IBM System/360 Model 91

IBM System/360 Model 91


Thaddeus Cahill’s Telharmonium
In 1897, Thaddeus Cahill harnessed the power of electricity and engineering to create the first Telharmonium. By the process of additive synthesis, the monstrosity used tone wheels to generate musical sounds as electrical signals. The original blueprints called for 408 cylinders, but the Telharmonium Mark 1 prototype only used 35. Regardless, Mark 1 easily took up an entire room, and weighed over seven tons. Updates to this version, Marks 2 and 3 were over 60 feet long, had over 145 driven alternators, and weighed almost 200 tons.


The sounds produced by these machines were then made available through daily ‘live’ performances at Telharmonium Hall, across from The Met in New York, run through phone lines as this was before the development of tube amps. Cahill had grand plans to service up to 20,000 subscribers via a telephone service. A deal was struck between Cahill’s New York Electric Music Company and the New York Telephone Company to lay cable for the Telharmonium broadcasts, and the music made its way into the odd café and hotel lobby around the Big Apple.


Thaddeus Cahill's Telharmonium

Thaddeus Cahill’s Telharmonium


However, the powerful signals emitted by the machine caused crosstalk with the regular phone lines, despite being separated, which lost Cahill’s New York Electric Music Company the support of the phone company. Harsh financial times also took their toll. The Telharmonium failed to attract enough subscribers to make the Electric Music Company profitable, and by the time Cahill built the Mark 3, the passing years and the development of the Wurlitzer sucked all interest in the Telharmonium dry. Cahill’s company dissolved in 1914.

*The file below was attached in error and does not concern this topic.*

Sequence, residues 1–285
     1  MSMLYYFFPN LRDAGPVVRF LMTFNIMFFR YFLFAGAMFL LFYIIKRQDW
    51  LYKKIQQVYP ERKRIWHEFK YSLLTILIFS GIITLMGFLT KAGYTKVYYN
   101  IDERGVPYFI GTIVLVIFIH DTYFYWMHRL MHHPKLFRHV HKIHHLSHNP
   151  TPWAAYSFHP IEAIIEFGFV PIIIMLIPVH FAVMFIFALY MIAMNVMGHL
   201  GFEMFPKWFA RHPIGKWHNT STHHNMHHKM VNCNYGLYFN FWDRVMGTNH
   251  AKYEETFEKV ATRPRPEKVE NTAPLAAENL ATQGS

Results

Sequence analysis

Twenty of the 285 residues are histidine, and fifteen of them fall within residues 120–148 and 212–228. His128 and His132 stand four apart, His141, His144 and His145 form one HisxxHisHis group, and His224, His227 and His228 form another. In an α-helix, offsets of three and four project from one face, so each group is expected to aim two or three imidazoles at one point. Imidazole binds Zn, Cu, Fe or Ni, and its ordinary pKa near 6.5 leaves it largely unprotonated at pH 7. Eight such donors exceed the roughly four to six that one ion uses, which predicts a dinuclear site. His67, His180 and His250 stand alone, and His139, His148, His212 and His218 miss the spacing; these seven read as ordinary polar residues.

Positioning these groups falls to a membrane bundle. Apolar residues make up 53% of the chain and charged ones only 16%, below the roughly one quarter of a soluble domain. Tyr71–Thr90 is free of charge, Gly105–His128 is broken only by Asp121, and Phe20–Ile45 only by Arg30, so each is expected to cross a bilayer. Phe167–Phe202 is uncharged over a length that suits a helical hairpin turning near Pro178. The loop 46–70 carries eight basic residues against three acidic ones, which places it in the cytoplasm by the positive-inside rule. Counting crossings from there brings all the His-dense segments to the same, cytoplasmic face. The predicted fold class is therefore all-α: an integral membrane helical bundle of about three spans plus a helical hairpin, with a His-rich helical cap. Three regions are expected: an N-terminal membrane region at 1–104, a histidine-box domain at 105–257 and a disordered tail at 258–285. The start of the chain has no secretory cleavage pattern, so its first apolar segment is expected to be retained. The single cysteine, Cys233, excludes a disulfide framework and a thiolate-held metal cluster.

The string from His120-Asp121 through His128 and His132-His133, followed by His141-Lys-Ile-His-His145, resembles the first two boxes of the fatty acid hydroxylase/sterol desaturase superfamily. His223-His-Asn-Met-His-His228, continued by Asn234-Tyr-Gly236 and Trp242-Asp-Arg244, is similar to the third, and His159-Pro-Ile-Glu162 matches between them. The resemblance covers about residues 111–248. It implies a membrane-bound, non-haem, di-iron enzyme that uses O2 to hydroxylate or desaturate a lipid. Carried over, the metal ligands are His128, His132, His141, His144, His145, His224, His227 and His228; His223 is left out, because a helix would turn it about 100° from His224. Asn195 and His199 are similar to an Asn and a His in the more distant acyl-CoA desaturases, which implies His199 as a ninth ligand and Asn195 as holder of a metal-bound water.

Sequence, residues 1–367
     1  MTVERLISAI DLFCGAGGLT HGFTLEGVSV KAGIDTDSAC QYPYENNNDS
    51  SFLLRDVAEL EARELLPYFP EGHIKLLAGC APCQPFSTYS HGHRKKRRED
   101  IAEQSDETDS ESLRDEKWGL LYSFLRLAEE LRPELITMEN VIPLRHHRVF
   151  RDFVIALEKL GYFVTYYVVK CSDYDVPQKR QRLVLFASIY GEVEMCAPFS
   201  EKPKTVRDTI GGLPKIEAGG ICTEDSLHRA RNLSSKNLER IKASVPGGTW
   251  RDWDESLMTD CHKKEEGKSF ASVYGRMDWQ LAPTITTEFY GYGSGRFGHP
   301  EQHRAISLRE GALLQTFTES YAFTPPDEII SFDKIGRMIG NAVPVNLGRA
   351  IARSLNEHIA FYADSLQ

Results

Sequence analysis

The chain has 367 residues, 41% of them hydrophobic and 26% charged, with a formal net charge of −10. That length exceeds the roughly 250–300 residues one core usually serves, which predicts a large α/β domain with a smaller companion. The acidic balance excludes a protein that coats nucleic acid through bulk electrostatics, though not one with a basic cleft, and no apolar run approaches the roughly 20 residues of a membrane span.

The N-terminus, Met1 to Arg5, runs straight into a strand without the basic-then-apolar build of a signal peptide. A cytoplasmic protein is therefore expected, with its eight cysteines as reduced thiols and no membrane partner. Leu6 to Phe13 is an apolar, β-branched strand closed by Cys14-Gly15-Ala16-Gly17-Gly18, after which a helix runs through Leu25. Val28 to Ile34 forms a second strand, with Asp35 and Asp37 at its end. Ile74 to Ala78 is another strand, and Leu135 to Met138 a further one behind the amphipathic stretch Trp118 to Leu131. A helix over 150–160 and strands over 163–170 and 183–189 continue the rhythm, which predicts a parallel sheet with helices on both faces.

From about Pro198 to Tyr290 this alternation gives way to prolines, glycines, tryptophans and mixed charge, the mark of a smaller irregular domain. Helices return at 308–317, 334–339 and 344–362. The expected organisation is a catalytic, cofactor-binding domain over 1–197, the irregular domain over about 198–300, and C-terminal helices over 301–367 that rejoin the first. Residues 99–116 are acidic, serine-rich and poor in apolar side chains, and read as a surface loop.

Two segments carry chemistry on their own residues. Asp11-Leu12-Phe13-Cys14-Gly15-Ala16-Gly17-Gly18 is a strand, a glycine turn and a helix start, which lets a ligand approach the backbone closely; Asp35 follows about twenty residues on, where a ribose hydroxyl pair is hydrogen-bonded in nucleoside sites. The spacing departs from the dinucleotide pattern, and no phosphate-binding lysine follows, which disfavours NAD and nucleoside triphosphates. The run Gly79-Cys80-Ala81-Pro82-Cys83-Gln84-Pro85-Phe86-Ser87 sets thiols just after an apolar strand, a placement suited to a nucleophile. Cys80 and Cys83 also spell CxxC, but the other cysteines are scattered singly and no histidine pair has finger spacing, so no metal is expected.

The Telharmonium was an electronic music giant in many ways, though. Many consider it to be the first synthesizer, while the essential mechanics behind it (additive synthesis using tonewheels) ended up in the far more popular Hammond organ in the ‘30s. Telharmonium was also one of the first examples of the true commodification of music. It asked people to pay for actual sound rather than sheet music, and presupposing the notion of “Muzak” since the machine only performed simple, benign versions of popular music. Unfortunately, the last existing Telharmonium was destroyed in 1962, and there are no surviving recordings of the machine.


The Great Stalacpipe Organ
The Telharmonium was a big piece of work. Certainly, no one thought about throwing 200 tons in the back of a van and going on tour, but there exists an even bigger giant of electronic music. Nestled away in the Luray Caverns of Virginia’s Shenandoah Valley, The Great Stalacpipe Organ is just what its name suggests. Covering 3.5 acres of mineral sediment, this beastly feat of engineering made the 1988 Guinness Book of Records as the largest ‘natural’ musical instrument in the world.